Date of this Version

5-2008

Advisor

Professor Jerry Drew

Keywords

Zimbabwe, Robert Mugabe, Hyperinflation, Land Reform, MDC, ZANU-PF

Abstract

Once hailed as a triumph for black liberation movements in the region and a role model of peace and productivity, the Republic of Zimbabwe has since the turn of the millennium found itself spiraling into the depths of socio-economic and developmental decay. During such time, the Mugabe administration has tarnished Zimbabwe’s once admirable reputation as the ‘bread basket’ of Southern Africa, as well as the fortunes of the Zimbabwean people. Zimbabwe's current economic and food crises have been described by some observers as one of Africa’s worst humanitarian disasters and a sorrowing case of 21st century de-industrialization. These problems have been attributed, in varying degrees, to a drought affecting the entire region, the HIV/AIDS epidemic, and the government’s misguided policies and repressive use of the state apparatus, and disastrous land reforms. The objective of this investigation is to better understand the reasons and causes of Zimbabwe’s collapse, with particular reference to the institutional nature of the escalating crisis. Instead of hope and prosperity, the new millennium brought in despair, hunger and fear for Zimbabweans and marked the tipping point of one of the fastest collapses of a market economy in recent history. This investigation will primarily explore the misguided government policies, fiscal mismanagement and the breakdown of the basic democratic and financial institutional framework that led to Zimbabwe’s paralyzed and pariah status. Zimbabwe is an example of ‘a distorted state with barely legitimate authority structures, personalistic leaders unconstrained by norms or institutions, and bureaucracies of poor quality,’[1] whose neopatrimonial state failures can be instructive for other developing countries in setting their philosophical, political and economic agendas.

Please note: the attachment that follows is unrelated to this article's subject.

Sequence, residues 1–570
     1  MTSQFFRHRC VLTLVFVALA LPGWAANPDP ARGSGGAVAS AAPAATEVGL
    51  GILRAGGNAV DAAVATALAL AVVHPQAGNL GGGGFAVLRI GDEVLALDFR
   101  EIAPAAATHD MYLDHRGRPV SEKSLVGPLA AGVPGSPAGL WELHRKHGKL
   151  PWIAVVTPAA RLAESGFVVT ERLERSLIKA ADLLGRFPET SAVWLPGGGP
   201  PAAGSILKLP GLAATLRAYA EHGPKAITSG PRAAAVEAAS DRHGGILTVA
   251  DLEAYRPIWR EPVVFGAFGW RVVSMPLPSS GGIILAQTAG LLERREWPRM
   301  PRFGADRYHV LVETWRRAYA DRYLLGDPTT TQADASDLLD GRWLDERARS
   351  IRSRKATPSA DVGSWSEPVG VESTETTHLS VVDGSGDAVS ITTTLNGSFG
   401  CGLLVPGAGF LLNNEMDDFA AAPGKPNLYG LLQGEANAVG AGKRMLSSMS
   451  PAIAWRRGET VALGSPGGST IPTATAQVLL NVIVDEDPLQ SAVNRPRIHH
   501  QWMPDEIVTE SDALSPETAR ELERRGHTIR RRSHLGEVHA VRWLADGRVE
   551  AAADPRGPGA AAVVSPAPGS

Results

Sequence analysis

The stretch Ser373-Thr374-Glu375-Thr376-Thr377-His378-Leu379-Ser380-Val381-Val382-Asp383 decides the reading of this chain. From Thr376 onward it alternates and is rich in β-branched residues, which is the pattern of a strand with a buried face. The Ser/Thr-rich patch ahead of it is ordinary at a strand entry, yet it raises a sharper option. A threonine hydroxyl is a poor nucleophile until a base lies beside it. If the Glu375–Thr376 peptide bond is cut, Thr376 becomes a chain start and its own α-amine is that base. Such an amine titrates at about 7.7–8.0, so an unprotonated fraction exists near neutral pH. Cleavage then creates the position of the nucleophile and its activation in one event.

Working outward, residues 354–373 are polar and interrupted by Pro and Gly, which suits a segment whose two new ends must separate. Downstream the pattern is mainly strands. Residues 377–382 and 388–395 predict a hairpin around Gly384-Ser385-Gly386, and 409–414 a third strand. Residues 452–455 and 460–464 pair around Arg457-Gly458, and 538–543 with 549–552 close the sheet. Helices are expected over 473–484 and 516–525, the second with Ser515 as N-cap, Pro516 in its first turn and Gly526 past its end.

[1] Kohli, Atul, State Directed Development, Princeton: Cambridge University Press, 2004, pg 15

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Date Posted: 15 June 2016

 

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